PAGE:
This distance can also give you the needed perspective that you are not your anxious thoughts—and just because you have them, it doesn’t mean they’re facts or that you should act on them. (Talk about an incredibly powerful perspective.)

5. It Enhances Your Self-Awareness

By slowing the stream of thoughts that flow through the mind, meditation teaches you to become more attuned to any anxious or negative thoughts and feelings. Rumination is a common feature of stress, anxiety, and depression, but meditation helps to calm this repetitive thought pattern by teaching your mind not to jump on these “thought trains.” Instead, you learn to observe them and let them pass by without judgment. Over time, this creates distance from these thoughts and lessens their impact.

6. It May Improve Emotional Regulation

By observing your thoughts without judgment, meditation helps to reduce impulsive or emotional responses to them. Rather than feeling like your thoughts are controlling you, it gives you a stronger sense of control over your thought patterns. And, by fostering a deeper recognition of anxious feelings and helping you choose a calm response, meditation helps train your mind to do the same when faced with anxiety-inducing situations in your everyday life.

A young man sitting at home and practicing a meditation for anxiety.

How to Meditate for Anxiety

As good and effective as meditation is for calming a racing mind, it can also feel challenging for some folks with anxiety. “It’s totally valid that for lots of people, meditation is actually quite difficult and takes lots of practice, Lancioni says. “Quieting down and redirecting anxious thoughts can feel super hard, especially since we have thousands of thoughts a day.” 

If you have anxiety, you might find that you flitter from one task to the next to fill up your time so that you don’t have to sit with uncomfortable anxious thoughts. With meditation, you’ll need to sit with your feelings, and sometimes the chatter in your head can become louder when the surroundings turn quiet. 

If you do find that your mind wanders during meditation—and it will, you’re human!—try to redirect your focus back to the meditation object (like your breath or the instructor’s cues), Nico says. “Tell yourself: ‘Whatever it is I’m anxious about right now, I can deal with later. Now is the time to relax and be present,’” she suggests.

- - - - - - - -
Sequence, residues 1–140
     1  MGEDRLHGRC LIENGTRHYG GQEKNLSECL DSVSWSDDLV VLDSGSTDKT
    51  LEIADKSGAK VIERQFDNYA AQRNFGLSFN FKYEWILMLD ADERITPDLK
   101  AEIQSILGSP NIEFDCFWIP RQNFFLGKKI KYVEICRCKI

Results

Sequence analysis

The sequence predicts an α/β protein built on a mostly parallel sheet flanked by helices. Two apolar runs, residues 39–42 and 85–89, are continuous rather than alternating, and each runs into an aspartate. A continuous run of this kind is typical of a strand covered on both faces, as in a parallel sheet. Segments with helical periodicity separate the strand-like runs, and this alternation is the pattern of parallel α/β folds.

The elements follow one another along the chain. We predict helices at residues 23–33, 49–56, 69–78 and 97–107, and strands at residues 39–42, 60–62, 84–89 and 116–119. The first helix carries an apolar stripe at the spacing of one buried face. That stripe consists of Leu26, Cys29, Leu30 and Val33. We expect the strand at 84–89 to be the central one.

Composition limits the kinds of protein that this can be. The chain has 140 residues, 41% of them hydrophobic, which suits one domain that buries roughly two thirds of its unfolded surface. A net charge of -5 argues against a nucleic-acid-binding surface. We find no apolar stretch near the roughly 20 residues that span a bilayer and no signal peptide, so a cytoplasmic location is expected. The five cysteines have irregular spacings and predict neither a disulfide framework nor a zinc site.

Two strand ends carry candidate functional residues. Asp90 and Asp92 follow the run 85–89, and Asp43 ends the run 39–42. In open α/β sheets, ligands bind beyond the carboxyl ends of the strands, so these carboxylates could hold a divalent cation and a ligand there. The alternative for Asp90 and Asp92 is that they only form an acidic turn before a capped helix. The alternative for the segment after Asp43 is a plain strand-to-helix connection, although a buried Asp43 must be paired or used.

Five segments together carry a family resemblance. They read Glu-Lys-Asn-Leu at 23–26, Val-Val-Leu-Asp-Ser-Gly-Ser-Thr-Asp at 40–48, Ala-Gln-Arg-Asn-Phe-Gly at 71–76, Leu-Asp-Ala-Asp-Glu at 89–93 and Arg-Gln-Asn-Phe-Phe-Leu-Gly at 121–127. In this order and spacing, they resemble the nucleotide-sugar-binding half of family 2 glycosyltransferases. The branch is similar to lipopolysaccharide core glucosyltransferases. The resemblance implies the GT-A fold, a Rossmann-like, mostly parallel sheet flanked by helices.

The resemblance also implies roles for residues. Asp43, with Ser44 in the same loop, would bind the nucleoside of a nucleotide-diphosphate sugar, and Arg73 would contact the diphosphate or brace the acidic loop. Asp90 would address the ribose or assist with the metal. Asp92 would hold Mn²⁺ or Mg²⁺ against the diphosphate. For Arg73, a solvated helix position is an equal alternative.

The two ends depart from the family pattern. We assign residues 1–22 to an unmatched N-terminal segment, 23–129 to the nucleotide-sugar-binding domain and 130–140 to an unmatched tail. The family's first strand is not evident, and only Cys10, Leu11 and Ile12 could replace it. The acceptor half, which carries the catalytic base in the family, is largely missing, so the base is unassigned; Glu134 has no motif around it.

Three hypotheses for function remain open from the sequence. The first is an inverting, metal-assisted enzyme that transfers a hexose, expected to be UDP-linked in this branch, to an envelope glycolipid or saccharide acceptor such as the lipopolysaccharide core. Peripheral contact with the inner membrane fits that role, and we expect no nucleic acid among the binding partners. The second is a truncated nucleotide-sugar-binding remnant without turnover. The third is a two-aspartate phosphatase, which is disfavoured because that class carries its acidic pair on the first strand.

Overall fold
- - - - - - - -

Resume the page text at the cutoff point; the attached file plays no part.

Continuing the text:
All that said, here are four helpful tips to consider when you’re starting a meditation for anxiety practice:

1. Work It Into Your Daily Routine

Try starting with a five-minute meditation and see how it feels, Nico recommends. The great thing about meditation is that it can be done anywhere, from sitting at home to lying in bed to taking a walk around your neighborhood. 

That said, it’s important to plan out where meditation will fall in your day. Do you have an extra five minutes in the morning after getting up to make it part of your morning routine? How about a few minutes after work to simmer down from the day’s stressors? The best place for meditation in your routine is up to you, but it can help to consciously schedule it in.

2. Select a Guided Meditation for Anxiety

Good news: You don’t have to try meditation alone. Try starting with a guided meditation, which is essentially a meditation session led by an instructor who walks you through the practice step by step, from setting intentions to guiding your breathwork.

“Guided meditation allows you to focus on another person’s directive so that you aren’t having to redirect your own thoughts constantly,” Lancioni says. “It’s a great way to ease into meditation and feel its effects before trying different types of meditation.” 

Seponara adds that some guided meditation sessions feature calming music and sounds, which can also help reduce stress. If needed, she says, you can focus on the music to keep your mind away from anxious thoughts and bring it into the present. “This can be especially helpful for those who find it difficult to quiet their busy minds during meditation,” Seponara says.

Pro tip: The Peloton App offers a variety of guided meditations you can pick from. “I suggest starting with calming or relaxing meditations,” Nico says. “They generally work with a focus on that physical release of tension, but may also work with a mantra that evokes a feeling of safety and letting go. This mantra may even help you in everyday situations when you feel anxiety—just recall the mantra and it can help you let go of anxiety and bring you back to the present moment.”

3. Sit Comfortably and Get Started

There are a few different meditation positions, Nico says. One popular technique is to sit cross-legged with your bottom raised on a prop, such as a yoga block or cushion. “Having your knees further down than your hips allows for belly breathing, which relaxes the nervous system,” she explains. Other options are to sit in a chair, lean against a wall, or lie down. 

Once you’re in a comfortable position, “take a few belly breaths to begin with, and scan through your body to release any tension in those areas where you feel you are storing stress,” Nico recommends. “Consciously let go of any holding patterns here.”

4. Stick with It

Meditation is something anyone can do—but that doesn’t necessarily mean it’ll feel easy the first time you try it. “Much like anything new, practice is key,” Lancioni says. “It might take you a few tries to get comfortable with experiencing a meditative state.”